Chili peppers spark discovery: WSU effort to fix injured brains with new nerve cells funded
Cutline and credit: Washington State University neuroscientist Krzysztof Czaja and student Rachel Wanty look at images of nerve cells that he has found can be grown outside the brain. Czaja has an NFL grant to see if the cells can treat concussions and other brain injuries. Credit: Photo by Robert Hubner, Washington State University photo services. (Credit it as you wish; no restrictions on photo use.)
As research efforts go, this one is high risk. Which is to say, it could easily fail.
And it's high reward. Meaning it could provide some relief to concussions and subsequent health effects seen in athletes, soldiers and other head-injury victims.
The National Football League thinks enough of the work that its charitable arm has given Krzysztof Czaja (pronounced K-shish-toff Chai-uh), a Washington State University neuroscientist, $100,000 to keep looking.
Five years ago, Czaja and WSU colleagues discovered by accident that a nerve center just outside the brain can recover from damage by inducing developing stem cells to become functional nerve cells, or neurons. Now he is looking for the substances that get the process going.
"Our idea is to trigger the cells and then plant them in a new, injured environment so they start to develop and seek connections," Czaja says.
The grant is one of 15 that NFL Charities awarded last year to support sports-related medical research, mostly in the prevention and treatment of concussions. Mounting concerns over football-related head injuries have led to congressional hearings, research linking injuries to long-term neurological problems like dementia, and lawsuits from former players. The league has instituted rule changes to make the game safer, but NFL players still had 170 concussions this season, according to the Concussion Watch database of FRONTLINE and ESPN.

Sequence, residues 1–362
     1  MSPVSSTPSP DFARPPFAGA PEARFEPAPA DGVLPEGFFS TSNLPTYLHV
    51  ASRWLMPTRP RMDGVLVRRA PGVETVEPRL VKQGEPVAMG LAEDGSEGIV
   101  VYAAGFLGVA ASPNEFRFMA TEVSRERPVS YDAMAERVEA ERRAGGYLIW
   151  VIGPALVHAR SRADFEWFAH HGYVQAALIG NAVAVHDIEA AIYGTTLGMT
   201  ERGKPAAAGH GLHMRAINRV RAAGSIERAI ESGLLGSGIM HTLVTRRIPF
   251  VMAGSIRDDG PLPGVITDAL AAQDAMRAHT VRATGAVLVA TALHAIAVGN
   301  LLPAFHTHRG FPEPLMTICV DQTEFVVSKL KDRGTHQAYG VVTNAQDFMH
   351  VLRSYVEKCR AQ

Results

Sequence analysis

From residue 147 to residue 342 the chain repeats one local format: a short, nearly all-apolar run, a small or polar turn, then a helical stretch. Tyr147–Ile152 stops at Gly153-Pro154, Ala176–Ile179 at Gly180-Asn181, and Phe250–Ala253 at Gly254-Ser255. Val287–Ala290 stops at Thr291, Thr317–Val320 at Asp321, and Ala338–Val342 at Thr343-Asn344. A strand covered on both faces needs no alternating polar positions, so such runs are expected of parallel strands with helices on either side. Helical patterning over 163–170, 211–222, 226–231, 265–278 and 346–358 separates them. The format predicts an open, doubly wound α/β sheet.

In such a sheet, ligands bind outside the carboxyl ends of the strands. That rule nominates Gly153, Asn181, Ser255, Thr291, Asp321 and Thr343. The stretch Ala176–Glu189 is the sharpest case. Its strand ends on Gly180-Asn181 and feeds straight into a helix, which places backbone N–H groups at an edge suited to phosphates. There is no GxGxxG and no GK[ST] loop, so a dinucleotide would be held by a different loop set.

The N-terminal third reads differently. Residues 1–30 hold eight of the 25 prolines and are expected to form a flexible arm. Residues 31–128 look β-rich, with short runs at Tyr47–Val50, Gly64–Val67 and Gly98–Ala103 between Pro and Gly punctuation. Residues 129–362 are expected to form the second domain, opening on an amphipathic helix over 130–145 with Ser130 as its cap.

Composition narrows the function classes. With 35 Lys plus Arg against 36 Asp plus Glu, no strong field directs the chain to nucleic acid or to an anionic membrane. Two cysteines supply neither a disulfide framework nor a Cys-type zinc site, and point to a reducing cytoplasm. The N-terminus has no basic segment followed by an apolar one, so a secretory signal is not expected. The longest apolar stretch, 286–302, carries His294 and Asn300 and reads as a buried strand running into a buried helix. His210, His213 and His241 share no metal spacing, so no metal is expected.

Czaja's work grows out of experiments in which he and colleagues killed neurons in rats' nodose ganglia, a sort of brain outside the brain. They used capsaicin, the active component of chili peppers, but at doses thousands of times more potent than Tabasco sauce. The goal was to see if the damage to the nodose ganglia neurons affects nerve signals curbing the desire to eat.
Usually, the rats are euthanized soon after the experiment. But when Czaja learned that one group of rats was in good condition six months later, he thought to see what the ganglia looked like.
"What I found is that we actually got more neurons than less," he said.
The damage, he said, was "like a double-edged sword. It's damaging the nervous system but it's also inducing a cascade of events to fix it." Before this discovery, decades of neuroscientific thinking held that new neurons can only be formed inside the brain, putting them off limits to harvesting, let alone experimentation.
If Czaja can find the chemical agent stimulating the creation of new neurons, doctors could in theory use it to produce new neurons and graft them to damaged areas of the brain. Because they are from the patient, doctors might avoid autoimmune problems and both the ethical questions and technical challenges surrounding human embryonic stem cells.
"I think that our nervous system is much more plastic and much more capable and powerful than we think, than we imagine," said Czaja. "That's just unleashing this potential. And the beauty of our model is that this is something on the periphery we can use to fix the central nervous system."
Provided by Washington State University
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